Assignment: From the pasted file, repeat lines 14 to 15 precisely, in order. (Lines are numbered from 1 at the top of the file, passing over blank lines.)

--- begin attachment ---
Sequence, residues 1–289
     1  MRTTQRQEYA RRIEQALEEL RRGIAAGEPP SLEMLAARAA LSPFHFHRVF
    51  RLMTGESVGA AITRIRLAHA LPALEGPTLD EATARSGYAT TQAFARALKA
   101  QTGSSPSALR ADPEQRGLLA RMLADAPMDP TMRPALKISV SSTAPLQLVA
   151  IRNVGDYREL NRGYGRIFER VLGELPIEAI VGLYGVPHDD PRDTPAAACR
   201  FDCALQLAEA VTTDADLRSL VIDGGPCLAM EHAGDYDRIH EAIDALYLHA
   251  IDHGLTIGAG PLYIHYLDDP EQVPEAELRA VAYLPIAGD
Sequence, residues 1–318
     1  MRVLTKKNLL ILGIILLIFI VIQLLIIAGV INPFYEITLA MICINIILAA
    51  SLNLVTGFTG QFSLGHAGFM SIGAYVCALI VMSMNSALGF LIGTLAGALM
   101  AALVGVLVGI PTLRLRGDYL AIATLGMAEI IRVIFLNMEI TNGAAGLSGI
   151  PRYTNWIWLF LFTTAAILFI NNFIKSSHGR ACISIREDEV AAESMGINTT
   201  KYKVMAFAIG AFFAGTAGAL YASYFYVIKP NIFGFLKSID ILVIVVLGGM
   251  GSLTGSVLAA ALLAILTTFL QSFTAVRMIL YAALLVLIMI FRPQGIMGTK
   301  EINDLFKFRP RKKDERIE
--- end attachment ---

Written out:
   251  GSLTGSVLAA ALLAILTTFL QSFTAVRMIL YAALLVLIMI FRPQGIMGTK
   301  EINDLFKFRP RKKDERIE